Parshvanatha Temple

This temple was built in 1458-59 by Mandlik and is the highest amongst all, with three towers and four big mandaps. At the exterior of the shrine are beautiful sculptures of Dikpals, Vidya Devis, Yakshinis, etc., all in gray sandstone.

Mahavir Swami Temple

The details of who built this temple are still unknown. It was built in 1582 as a dedication to Mahavira. Some artists from Sirohi town of Rajasthan, which was the capital Sirohi state in that period, painted the upper walls of this temple.

What to Do

More than thousand years old and still preserved well, the Dilwara Jain Temples are a perfect spot to visit. Guided tours are available for the tourists. Those who are looking forward to pray and worship can take a bath at the facility near the temple, where water is heated through solar powered geysers.

Best Time to Visit

The temples are open to visit from 12:00 pm to 03:00 pm all year long. Being a hill station, the climate is usually cool except for the summer season. In winters, the temperature falls to as low as -2 to -3 degree centigrade. During monsoon, moderate to heavy rainfalls are recorded, and it is advised that you carry an umbrella and raincoat to avoid getting caught in the spells.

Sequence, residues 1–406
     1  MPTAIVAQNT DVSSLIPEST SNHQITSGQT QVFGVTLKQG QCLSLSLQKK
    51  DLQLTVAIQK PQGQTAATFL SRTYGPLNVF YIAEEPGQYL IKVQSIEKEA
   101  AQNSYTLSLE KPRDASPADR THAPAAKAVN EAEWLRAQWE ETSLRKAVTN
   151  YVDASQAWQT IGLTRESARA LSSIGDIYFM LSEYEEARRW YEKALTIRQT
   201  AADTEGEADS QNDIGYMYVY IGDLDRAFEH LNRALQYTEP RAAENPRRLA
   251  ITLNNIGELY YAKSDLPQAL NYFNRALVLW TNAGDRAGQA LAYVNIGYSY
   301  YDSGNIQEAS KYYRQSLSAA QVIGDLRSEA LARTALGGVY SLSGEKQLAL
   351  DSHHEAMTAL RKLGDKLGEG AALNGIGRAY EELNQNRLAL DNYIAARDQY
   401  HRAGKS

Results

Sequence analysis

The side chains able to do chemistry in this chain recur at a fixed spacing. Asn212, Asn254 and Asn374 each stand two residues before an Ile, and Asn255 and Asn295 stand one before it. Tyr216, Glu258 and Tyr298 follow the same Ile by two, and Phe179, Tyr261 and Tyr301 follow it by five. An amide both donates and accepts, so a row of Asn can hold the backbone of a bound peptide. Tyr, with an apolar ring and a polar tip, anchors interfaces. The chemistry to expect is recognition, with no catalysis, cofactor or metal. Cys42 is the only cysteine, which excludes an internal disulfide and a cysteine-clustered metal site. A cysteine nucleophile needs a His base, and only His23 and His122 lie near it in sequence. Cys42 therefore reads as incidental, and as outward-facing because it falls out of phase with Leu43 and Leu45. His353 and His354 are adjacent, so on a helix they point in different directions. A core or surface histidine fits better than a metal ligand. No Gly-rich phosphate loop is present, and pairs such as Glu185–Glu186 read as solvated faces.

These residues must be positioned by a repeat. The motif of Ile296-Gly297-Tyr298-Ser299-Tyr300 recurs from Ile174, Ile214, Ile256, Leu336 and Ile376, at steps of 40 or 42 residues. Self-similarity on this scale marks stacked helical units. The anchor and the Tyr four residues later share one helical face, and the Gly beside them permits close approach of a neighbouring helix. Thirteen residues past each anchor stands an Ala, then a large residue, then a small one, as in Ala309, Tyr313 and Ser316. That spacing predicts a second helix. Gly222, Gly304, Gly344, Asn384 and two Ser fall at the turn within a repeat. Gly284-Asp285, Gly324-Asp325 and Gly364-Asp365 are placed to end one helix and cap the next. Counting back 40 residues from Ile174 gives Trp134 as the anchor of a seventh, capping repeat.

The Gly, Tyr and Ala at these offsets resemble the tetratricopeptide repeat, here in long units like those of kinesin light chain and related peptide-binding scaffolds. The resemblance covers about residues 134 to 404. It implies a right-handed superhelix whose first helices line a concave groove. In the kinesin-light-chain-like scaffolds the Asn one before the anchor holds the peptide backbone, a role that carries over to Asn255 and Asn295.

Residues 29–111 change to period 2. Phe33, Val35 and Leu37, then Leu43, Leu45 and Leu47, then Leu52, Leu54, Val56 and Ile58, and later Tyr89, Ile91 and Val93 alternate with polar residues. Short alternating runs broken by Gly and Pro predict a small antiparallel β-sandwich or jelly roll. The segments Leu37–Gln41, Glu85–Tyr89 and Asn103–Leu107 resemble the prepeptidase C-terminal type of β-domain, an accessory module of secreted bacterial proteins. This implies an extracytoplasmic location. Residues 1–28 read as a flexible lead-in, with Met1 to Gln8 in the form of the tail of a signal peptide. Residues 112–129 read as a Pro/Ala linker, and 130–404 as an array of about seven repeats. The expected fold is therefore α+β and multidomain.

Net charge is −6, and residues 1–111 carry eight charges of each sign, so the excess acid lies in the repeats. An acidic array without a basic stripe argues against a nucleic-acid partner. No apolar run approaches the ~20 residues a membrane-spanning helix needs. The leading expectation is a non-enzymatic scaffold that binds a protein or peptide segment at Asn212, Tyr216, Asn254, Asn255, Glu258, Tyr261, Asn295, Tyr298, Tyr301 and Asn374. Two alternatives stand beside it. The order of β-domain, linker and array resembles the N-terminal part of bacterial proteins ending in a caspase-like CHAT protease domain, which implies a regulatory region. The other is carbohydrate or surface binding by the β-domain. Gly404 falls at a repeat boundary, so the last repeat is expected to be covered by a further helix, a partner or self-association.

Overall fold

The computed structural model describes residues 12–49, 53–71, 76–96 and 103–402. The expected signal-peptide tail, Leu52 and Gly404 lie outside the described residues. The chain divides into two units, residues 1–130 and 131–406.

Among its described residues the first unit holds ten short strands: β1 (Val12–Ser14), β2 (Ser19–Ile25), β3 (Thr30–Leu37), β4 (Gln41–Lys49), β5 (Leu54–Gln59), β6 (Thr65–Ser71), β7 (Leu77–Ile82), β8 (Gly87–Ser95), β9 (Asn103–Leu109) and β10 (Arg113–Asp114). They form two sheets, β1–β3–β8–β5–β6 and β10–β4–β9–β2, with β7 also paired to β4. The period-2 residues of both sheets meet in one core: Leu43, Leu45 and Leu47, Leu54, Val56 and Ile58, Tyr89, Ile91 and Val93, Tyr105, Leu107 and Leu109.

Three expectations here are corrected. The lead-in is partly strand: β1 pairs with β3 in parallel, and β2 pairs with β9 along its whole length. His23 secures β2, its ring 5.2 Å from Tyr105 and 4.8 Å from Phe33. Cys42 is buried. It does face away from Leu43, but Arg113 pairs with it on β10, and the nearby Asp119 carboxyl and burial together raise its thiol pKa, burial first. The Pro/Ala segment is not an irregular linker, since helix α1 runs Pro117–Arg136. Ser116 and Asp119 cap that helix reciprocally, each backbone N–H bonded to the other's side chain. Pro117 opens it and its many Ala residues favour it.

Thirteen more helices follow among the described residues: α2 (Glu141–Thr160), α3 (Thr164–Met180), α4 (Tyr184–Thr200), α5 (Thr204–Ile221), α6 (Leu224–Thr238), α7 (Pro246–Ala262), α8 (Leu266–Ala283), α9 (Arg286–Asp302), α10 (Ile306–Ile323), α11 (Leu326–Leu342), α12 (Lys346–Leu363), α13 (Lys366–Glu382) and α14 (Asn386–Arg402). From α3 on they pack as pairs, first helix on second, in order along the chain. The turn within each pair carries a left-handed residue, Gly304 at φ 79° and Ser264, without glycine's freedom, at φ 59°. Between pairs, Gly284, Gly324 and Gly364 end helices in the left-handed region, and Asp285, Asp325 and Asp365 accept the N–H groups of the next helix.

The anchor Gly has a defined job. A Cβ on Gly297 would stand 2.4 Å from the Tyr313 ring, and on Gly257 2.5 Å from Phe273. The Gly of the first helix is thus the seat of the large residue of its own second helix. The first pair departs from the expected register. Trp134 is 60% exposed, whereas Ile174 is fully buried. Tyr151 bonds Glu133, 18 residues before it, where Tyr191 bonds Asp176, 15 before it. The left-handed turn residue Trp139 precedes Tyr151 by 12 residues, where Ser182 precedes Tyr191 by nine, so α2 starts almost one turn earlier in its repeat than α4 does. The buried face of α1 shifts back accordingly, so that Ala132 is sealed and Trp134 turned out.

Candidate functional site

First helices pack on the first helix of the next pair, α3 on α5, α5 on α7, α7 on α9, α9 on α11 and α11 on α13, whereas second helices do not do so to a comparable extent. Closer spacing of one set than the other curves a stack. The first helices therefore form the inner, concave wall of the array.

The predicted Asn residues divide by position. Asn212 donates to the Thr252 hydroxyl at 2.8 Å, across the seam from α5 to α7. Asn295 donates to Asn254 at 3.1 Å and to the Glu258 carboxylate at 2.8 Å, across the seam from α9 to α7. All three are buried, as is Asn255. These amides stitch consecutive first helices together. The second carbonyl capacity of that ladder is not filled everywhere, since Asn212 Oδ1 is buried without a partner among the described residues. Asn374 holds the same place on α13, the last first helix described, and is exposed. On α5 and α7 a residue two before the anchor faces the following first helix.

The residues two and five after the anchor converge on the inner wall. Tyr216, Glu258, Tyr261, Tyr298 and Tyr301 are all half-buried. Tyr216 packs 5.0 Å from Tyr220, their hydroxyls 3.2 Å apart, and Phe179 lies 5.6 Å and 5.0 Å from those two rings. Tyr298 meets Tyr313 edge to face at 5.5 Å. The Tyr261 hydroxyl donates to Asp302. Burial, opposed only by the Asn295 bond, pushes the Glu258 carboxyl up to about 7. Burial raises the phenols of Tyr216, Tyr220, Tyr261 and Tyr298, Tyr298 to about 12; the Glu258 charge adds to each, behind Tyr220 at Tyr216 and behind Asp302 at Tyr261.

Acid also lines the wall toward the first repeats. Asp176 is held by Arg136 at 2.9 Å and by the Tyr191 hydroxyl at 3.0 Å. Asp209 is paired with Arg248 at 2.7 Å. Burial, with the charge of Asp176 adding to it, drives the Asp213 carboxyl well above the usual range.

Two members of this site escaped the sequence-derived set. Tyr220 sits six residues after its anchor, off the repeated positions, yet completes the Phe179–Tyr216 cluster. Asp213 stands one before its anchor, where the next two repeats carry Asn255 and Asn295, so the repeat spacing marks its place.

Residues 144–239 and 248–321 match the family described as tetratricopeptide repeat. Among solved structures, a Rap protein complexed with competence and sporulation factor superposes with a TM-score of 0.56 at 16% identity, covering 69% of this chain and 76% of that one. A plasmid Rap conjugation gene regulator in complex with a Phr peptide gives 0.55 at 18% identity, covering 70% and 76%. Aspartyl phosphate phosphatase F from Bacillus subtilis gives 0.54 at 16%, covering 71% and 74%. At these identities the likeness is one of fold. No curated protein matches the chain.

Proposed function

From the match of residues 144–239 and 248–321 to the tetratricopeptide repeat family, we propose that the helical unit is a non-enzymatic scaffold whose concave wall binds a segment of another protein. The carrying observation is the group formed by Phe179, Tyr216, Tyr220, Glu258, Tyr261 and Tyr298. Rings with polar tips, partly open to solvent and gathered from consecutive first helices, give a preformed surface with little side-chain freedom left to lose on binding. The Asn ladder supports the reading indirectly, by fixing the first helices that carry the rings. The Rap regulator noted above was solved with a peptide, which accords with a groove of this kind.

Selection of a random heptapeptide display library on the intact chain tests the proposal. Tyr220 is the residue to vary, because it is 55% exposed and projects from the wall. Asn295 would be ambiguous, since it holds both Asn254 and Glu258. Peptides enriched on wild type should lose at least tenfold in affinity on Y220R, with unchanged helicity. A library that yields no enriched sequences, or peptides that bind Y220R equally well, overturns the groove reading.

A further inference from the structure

How to Reach

Abu Road station is at a distance of twenty-seven kilometers in the lowlands of town. Several trains run on this route and take a halt at this station.

The airport of Udaipur city is at a distance of 185 kilometers from Mount Abu. Another airport near to the hill station is in the Ahmadabad city of Gujarat, at a distance of 221 kilometers.

Mount Abu is also well connected with various parts of the state and country through road network. Private taxis and state run buses are available on a frequent basis.

As you visit the Dilwara Temples, you will recognize that the talent and dedication of the architects were unmatched and what they have left for us and the coming generations is beyond words.